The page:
Imagine you are a frisky 70-year-old man who decides to hire an escort for the evening when you’re out of town. (Men. Do they ever change?) When the lovely lady of the evening arrives, you notice with a shock that the woman seems very familiar. In fact, she’s more than just familiar. You know her very well. Read more on The Stir…
We always love seeing more of the 90s supermodels we grew up with, so we were thrilled to hear Stephanie Seymour was doing a photo shoot with Harper’s Bazaar. Then we heard that the shoot was with her sons, 20-year-old Peter and 17-year-old Harry, who are good-looking and interesting in the way that the children of supermodels and billionaires tend to be, and that was cool too.
Then we saw the pictures, and now we feel like prudes because we are totally creeped out by them. See more of them on The Gloss…
As a twin, news stories about “my kind” always hold a special place in my heart, but this latest one is a real doozy.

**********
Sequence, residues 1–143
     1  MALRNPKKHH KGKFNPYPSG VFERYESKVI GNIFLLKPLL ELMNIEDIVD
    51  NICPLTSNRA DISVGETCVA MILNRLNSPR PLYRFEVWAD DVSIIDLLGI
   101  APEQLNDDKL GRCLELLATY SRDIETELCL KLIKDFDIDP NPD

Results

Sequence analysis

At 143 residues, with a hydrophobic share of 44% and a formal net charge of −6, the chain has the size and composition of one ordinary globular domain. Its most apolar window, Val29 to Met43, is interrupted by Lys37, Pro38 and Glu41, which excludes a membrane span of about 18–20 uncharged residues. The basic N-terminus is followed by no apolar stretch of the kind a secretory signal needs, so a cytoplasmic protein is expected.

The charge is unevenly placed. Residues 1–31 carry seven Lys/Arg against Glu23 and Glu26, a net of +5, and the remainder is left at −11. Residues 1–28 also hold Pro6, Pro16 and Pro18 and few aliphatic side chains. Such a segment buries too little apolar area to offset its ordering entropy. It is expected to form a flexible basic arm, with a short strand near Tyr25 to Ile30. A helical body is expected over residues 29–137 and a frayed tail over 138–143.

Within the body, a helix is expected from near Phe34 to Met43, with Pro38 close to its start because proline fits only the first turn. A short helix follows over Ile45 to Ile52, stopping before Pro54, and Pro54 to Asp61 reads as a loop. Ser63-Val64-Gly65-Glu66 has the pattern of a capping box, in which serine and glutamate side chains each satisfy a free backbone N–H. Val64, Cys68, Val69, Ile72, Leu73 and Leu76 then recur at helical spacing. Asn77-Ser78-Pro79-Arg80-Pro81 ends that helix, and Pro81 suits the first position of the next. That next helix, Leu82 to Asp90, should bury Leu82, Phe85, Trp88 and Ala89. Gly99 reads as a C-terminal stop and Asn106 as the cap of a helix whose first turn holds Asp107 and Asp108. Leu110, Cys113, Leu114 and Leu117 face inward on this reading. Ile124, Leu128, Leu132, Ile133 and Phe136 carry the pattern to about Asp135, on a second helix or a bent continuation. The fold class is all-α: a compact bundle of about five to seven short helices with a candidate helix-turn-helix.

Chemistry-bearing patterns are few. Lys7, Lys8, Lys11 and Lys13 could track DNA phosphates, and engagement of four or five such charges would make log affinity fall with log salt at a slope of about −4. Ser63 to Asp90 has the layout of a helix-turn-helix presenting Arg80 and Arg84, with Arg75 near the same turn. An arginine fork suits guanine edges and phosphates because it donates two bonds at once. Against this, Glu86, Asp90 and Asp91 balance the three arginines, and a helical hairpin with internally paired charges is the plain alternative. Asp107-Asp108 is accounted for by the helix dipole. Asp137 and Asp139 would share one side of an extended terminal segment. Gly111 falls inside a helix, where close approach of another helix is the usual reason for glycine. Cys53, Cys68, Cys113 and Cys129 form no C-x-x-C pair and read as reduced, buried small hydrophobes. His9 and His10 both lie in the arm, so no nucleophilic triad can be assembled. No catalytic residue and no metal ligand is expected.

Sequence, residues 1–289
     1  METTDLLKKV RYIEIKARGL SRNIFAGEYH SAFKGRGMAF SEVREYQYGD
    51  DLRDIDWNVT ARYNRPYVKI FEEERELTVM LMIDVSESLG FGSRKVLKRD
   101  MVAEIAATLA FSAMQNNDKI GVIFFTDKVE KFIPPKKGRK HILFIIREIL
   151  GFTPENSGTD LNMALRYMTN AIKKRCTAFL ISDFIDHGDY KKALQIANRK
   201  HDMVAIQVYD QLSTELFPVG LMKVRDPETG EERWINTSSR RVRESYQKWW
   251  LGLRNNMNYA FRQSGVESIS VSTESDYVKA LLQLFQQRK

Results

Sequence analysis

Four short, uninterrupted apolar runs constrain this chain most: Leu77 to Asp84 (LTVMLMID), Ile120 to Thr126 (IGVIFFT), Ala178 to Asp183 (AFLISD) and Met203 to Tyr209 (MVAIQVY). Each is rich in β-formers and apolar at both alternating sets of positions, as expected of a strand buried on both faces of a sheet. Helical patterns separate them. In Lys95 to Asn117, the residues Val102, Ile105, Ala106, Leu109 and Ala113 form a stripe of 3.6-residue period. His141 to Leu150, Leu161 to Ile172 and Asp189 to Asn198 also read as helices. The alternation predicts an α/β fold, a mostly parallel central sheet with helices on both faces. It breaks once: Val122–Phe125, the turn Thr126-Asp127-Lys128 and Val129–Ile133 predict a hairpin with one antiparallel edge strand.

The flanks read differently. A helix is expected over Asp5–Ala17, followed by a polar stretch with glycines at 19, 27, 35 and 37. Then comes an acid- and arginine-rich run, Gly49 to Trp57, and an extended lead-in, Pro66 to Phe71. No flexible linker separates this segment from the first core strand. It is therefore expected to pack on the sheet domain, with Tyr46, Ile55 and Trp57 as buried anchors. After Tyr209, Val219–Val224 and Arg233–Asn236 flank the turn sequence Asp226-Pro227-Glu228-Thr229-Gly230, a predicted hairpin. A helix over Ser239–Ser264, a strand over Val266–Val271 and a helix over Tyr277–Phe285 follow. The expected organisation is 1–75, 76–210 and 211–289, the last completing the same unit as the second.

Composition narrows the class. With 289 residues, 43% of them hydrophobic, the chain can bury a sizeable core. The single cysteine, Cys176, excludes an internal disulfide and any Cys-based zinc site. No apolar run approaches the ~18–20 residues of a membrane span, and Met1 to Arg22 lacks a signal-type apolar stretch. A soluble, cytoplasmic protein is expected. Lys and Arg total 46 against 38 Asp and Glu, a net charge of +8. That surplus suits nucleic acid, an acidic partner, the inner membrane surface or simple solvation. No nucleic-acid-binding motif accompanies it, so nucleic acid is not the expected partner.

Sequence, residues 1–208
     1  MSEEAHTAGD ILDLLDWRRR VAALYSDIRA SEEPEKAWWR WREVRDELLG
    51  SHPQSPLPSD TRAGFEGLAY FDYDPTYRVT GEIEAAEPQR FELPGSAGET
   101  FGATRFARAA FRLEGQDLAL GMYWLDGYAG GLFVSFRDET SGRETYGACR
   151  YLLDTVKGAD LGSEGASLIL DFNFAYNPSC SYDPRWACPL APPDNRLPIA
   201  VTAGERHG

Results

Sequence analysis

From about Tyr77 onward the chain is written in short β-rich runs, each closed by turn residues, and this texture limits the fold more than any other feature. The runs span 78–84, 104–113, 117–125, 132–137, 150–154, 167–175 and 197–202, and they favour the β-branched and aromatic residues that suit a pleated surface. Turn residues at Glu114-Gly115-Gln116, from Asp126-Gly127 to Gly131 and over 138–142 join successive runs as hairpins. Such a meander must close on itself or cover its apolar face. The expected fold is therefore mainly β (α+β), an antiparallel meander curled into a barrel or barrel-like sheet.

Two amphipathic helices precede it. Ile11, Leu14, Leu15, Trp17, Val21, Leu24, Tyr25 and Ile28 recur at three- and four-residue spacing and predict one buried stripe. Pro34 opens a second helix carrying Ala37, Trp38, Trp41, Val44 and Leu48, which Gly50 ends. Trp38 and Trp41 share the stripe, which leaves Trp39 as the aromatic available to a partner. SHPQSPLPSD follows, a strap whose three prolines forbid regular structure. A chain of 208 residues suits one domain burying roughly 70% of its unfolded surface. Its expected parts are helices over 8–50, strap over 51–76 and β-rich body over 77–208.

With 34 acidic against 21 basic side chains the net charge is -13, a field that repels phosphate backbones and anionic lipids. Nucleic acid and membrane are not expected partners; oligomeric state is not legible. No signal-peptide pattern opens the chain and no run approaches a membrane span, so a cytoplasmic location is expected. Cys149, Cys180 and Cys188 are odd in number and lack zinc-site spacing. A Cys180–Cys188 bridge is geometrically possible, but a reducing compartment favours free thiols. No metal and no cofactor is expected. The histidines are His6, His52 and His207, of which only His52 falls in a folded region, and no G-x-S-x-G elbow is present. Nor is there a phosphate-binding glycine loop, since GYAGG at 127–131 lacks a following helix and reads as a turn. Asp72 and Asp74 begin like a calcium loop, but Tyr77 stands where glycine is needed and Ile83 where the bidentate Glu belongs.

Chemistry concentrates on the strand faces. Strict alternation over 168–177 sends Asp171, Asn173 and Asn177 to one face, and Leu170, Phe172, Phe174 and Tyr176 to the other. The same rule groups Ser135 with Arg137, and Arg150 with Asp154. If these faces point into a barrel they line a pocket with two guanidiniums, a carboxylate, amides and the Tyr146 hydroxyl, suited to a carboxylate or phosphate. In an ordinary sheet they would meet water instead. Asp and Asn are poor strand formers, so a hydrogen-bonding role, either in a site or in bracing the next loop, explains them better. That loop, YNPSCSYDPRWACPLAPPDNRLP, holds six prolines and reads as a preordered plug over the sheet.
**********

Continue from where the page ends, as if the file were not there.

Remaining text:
This past weekend, Lanny and Tracy Barnes, 31-year-old twin sisters from Colorado who both participated in the 2006 Winter Games, were to compete in their final qualifying races to join this year’s Olympic biathletes, who will head to Sochi, Russia, next month. (And, in case you’re wondering, Olympic biathlon combines cross-country skiing and target shooting.)
Tracy, who’s five minutes older than her sister, competed and earned herself a well-deserved spot on the team. Lanny, on the other hand, fell ill and was unable to compete in three out of the four weekend tryout races, which, consequently, disqualified her.
And here’s where it gets good. When Tracy was officially offered a position on the 2014 USA biathlon team, she declined the spot, knowing that her sister would be pegged for the honor instead. And she was. Keep reading »
I was clicking about the internet, looking for some news when I happened upon this gem of a piece on the Huffington Post entitled “There Are Plenty Of Twitter Users Who FInd Their Cousins Hot.” It’s just what the doctor ordered for a “Law & Order: SVU” fan with twisted curiosities.
On Christmas night, a man about the internet who tweets as @Mobute, went on what the Huffington Post called “an epic retweeting spree.” This is the first retweeting frenzy I’ve ever beheld. It really was epic. It appears that an unnervingly number of people find their cousins hot and are down to share that with the whole internet via Twitter. Read the top tweets on The Gloss…